7 Neil Cavuto Quotes About Multiple Sclerosis That Will Leave You Seriously Inspired

Share

Neil Cavuto — Fox News Senior VP, managing editor, and host of multiple acclaimed news shows — is a force to be reckoned with in the media. The journalist tirelessly hosts Fox News Channel's Your World as well as Cavuto Monday through Friday, while also providing insight into the world of finances with Cavuto on Business on Saturday mornings. He does so with a smile and seemingly tirelessly, while also battling multiple sclerosis. An equally — if not even more so — tireless advocate of awareness and research, the Fox News anchor has been consistently vocal about his diagnosis. These seven Neil Cavuto quotes about his illness are just a handful of many that point to a seriously inspiring figure.

Cavuto has been an invaluable resource to his colleagues as well. When fellow Fox News journalist Janice Dean received her MS diagnosis a decade ago, Cavuto was one of the first people she talked with. Dean describes him as being incredibly supportive as well as highlighting the many ways that the network would in turn support them, "even if that support included building wheelchair ramps," she writes in an op-ed for FoxNews.com. Cavuto's support is what has inspired Dean to also reach out to others suffering from the disease as a means of support and solidarity.

Seizing The Moment

Daniel Boczarski/Getty Images Entertainment/Getty Images

Having MS has made Cavuto really hone in on his priorities, especially when it comes to his job as a prominent Fox Business journalist. In an interview with Fast Company, the esteemed anchor laid out exactly how he feels working in such a demanding field with a degenerative disease:

Accepting Circumstances

Daniel Boczarski/Getty Images Entertainment/Getty Images

Cavuto has taken a zen approach to his condition as well as how to help others who may be struggling. Ultimately, he's realistic about MS, along with the many other circumstances in our lives that we can't control. Cavuto touched upon this in an interview on Good Morning America for MS awareness month:

Adjusting To Life With MS

Claire Hasley on YouTube

Despite having moments on-air in which he can barely see or has mobility issues, Cavuto soldiers on to host three acclaimed shows on Fox News Channel as well as Fox Business. During his GMA interview, he discussed in detail with George Stephanopoulos the ways he makes do despite the pain and in the face of bad days:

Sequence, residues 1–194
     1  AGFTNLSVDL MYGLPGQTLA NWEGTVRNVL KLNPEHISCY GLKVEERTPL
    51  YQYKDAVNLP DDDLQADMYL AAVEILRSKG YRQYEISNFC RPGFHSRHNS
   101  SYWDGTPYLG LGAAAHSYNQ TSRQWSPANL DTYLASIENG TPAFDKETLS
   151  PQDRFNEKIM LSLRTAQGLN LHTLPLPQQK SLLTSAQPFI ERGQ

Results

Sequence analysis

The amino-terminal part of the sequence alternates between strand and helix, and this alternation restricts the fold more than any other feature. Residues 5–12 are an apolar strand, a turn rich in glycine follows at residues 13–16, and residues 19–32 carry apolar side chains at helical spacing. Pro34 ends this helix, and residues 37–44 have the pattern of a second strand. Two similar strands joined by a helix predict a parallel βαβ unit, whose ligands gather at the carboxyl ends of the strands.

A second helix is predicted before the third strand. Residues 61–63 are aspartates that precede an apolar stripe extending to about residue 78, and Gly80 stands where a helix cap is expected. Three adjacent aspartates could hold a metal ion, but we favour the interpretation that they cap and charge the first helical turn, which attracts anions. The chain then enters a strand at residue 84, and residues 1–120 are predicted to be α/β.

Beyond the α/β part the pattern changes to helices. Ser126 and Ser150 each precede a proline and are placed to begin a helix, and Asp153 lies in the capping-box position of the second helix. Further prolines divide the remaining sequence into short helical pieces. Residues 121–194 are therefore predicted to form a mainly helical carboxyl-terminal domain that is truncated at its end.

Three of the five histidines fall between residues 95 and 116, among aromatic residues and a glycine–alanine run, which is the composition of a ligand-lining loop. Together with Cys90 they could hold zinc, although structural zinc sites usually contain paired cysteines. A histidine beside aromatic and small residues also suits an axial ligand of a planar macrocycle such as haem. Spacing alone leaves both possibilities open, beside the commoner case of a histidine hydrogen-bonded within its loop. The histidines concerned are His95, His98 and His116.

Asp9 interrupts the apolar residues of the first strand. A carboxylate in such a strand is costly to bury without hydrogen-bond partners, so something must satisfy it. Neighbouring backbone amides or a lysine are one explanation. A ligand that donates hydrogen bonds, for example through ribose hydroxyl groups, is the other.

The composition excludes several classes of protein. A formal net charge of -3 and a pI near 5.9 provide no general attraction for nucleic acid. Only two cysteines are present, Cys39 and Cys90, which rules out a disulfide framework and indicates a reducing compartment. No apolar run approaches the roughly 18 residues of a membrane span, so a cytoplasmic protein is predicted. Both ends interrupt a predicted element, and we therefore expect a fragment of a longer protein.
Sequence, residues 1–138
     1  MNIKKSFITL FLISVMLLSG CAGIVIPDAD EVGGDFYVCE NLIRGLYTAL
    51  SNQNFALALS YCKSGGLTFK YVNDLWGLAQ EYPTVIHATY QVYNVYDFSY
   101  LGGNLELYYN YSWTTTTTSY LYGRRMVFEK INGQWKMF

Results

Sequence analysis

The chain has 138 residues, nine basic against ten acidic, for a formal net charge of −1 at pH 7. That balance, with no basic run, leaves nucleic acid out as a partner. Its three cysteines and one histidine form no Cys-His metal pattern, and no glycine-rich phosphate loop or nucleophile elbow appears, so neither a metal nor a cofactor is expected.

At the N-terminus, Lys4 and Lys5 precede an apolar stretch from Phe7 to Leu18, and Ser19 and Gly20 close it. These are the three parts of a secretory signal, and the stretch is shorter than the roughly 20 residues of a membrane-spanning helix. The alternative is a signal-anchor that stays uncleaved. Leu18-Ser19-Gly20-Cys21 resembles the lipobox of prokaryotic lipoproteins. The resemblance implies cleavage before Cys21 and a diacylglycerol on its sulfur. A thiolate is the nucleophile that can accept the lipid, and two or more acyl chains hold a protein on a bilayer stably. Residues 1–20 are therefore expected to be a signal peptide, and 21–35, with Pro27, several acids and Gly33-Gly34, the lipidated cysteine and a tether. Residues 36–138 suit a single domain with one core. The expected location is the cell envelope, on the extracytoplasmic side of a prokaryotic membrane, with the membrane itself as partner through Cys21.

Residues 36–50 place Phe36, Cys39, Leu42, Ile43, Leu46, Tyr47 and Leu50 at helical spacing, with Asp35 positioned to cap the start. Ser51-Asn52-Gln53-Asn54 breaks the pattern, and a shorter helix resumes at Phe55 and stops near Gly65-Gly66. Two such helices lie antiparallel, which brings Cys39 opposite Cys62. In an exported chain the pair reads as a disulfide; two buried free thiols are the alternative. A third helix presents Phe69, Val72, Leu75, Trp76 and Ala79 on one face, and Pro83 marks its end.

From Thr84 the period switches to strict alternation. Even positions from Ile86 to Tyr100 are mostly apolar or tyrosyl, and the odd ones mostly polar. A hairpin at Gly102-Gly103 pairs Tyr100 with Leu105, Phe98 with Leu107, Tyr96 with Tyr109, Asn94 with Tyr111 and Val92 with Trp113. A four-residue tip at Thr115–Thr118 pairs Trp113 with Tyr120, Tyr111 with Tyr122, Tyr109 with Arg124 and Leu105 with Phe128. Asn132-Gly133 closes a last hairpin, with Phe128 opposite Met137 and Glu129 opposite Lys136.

Being Nonjudgmental

Jeramy Richter on YouTube

Cavuto is a strong advocate for MS awareness and has championed other MS sufferers as well. Still, the journalist recognizes that pain is very real in this world and affects so many, no matter their status. In a segment defending Ann Romney, who also suffers from the disease, Cavuto had this to say about how suffering is treated across the board:

Leading By Example

Brendan Hoffman/Getty Images Entertainment/Getty Images

MS symptoms can worsen at any time and Cavuto understands the vulnerable position he's in as an on-air personality expected to deliver a flawless newscast night in and night out — a tall order for even the most healthy and experienced journalist. In an interview with Vanity Fair, the Fox News Channel Senior VP discusses how those moments act as a means to teach others that it is possible to live and even thrive while still suffering from MS:

Loving What You Do

Monica Schipper/Getty Images Entertainment/Getty Images

Much of what Cavuto credits as the reason he's been so resilient and relentless in his work is the fact that he simply loves what he does. No matter how draining or demanding the task may be, the journalist sees his job as a healthy and ultimately fulfilling distraction:

Being Grateful

Daniel Boczarski/Getty Images Entertainment/Getty Images

Cavuto's diagnosis has brought about a gratefulness and humbleness that is incredibly inspiring. He believes that even receiving his diagnosis in the 1990s was a potentially good thing, as opposed to beginning treatment earlier and prior to more medical advancements in the field of MS research, something he touched upon in an interview with Neurology Now: